Having established the arguably top racing simulation video game on the market, Turn 10 Studios, the developers of the Forza franchise could have set itself on cruise control in creating Forza Motorsport 4. Instead, they decided to re-tool some of the game’s fundamentals, incorporate motion and voice control, evolve user-generated content, and bring the gameplay to new heights.
Creative Director at Turn 10 Dan Greenawalt saw the universe that was taking shape among Forza’s fans. Gamers with varied interests began forming their own communities, tailored and dedicated to those niche areas of racing. Drifting fans, drag racing fans, and even artists focusing on custom paint jobs and video editing, for example, had their own vibrant communities. Greenawalt saw Forza 4 as an opportunity to foster each of these diverse components of the car culture-at-large.
At the heart of Forza 4 is the ability to connect with other enthusiasts with similar interests from various levels of experience and skills. The casual and hardcore can find commonality in one aspect of the game. This is done with several tools and features, one of which is a shared garage. If one member of the garage has purchased a high-end car, all members have access to the car – at any time, even simultaneously.
Car clubs take the livery concept to the next level. Not only can club members share paintjobs and logos, but they also share specialized tuning in their shared garage. Players can create their own events, focusing on specific types of racing, or specific types of cars. Forza 4 is as much about forging communities and connecting people of varied backgrounds as it is about racing.
The individual gaming experience has also been renovated. Instead of forcing gamers to go through every single class of vehicles, gamers can focus on their favorite classes and a career will be developed around that class for the gamer. This means that each new challenge presented by the game will be customized to each person’s car type preference to pull at a gamer’s individualized passion.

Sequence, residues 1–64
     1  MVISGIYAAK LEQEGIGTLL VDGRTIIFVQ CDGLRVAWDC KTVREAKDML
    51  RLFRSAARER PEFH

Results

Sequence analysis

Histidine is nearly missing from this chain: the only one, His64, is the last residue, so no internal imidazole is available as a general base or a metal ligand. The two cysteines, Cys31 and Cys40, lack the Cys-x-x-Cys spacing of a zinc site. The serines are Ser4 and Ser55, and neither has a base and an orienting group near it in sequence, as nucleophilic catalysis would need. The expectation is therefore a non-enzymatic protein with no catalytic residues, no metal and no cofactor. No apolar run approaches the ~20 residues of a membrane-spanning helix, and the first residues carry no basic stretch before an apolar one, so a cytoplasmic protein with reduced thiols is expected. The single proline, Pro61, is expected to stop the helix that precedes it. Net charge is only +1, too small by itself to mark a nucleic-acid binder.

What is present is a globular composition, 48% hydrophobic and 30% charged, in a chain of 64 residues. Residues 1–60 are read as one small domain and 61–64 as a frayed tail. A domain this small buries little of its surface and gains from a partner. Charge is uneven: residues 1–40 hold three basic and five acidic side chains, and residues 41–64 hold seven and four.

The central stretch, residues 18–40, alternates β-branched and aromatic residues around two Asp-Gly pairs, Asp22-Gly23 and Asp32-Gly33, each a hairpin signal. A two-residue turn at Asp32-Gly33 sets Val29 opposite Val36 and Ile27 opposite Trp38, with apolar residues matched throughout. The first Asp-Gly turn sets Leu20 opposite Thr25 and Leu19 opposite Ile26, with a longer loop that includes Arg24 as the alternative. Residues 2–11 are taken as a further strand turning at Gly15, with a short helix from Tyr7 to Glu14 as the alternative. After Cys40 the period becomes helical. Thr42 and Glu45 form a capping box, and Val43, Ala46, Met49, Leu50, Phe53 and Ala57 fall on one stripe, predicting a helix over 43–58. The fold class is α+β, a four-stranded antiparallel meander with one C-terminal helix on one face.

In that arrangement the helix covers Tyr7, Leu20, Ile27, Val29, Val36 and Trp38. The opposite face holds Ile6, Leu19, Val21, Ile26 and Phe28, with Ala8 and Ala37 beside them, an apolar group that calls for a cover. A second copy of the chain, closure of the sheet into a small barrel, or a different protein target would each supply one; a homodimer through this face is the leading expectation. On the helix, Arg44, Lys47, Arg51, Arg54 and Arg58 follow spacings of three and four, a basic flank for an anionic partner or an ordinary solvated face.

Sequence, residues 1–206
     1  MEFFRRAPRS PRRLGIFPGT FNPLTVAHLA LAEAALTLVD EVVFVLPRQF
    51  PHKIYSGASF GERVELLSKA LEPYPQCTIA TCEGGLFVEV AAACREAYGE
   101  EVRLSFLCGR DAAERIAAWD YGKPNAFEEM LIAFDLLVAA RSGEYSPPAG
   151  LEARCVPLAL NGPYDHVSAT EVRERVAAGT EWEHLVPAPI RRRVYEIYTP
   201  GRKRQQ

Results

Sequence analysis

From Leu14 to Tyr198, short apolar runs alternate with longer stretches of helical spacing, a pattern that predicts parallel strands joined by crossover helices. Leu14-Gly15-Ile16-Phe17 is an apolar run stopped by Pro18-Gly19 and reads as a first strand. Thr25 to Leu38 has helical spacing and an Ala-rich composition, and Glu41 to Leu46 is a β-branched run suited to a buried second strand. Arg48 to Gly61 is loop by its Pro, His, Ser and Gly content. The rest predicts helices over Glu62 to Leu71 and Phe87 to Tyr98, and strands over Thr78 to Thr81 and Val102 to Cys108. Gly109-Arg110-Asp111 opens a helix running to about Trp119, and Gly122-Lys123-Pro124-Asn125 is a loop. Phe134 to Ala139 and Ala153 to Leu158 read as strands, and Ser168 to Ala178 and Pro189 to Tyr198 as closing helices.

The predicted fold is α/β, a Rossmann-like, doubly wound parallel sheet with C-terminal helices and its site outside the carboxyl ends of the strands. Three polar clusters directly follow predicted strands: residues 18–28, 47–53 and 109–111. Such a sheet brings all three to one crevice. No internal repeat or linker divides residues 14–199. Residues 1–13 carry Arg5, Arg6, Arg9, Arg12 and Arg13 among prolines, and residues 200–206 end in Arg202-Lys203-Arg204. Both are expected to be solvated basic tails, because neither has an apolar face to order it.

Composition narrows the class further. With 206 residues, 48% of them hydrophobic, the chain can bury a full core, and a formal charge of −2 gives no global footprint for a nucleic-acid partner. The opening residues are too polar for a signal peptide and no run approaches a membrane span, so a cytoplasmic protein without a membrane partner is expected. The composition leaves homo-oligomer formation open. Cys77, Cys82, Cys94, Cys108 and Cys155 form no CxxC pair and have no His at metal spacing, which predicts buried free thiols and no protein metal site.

Auto Vista is a mode that takes advantage of Kinect’s motion tech (but a standard controller can be used) by allowing interactivity with some of the game’s hottest cars. The amount of detail that is shown is staggering, particularly when it comes to the interiors of the vehicles. However, not every one of the 500 car roster will be available to virtually tour – the cars apparently start to look too similar. Ultimately, Auto Vista is a bit of eye candy that serves to immerse the gamer into the car world.
Within each player’s “home space,” every car can be viewed from any camera angle and photographed (although only Auto Vista allows the user to manipulate the car itself). Images can then be uploaded in high-resolution for print quality photos. The home space is filled with studio lighting and backgrounds that are livelier than Auto Vista’s sterile environment, which make for stunning photographs.
Forza 4 is promised to behave more realistically than ever, with new suspension, engine, and tire performance. By sourcing tire performance data to partner Pirelli Tires, the team at Turn 10 was able to focus their efforts on improving the other aspects of racing, including the A.I. performance of non-human racers, in addition to suspension and engine data. Interestingly, using varied brands of brakes this time around will not alter braking performance, but players can still select different brands if they so desired.
I did not get a chance to try out the new soccer mode, where cars take on roles of soccer players in a silly gaming mode inspired by Top Gear. There has already been some backlash over the inclusion of this non-racing activity, but the idea of goofing around with realistically-performing exotic cars in a setting other than a racetrack is tantalizing to me, as a more casual racing game player.
Forza 4 will be released on two discs, with the first containing 300 cars and all the tracks. The second disc will contain the remaining 200 cars.
With an opening anthem that will have environmentalists cringing, ultimately, Forza 4′s pedigree as a racing sim is preserved, but the level of accessibility has been improved tremendously. Casual and hardcore fans alike can join car clubs, unified by the varied passions that exist in the universe of car culture.
Forza 4 is set for release on October 11, 2011 for the Xbox 360.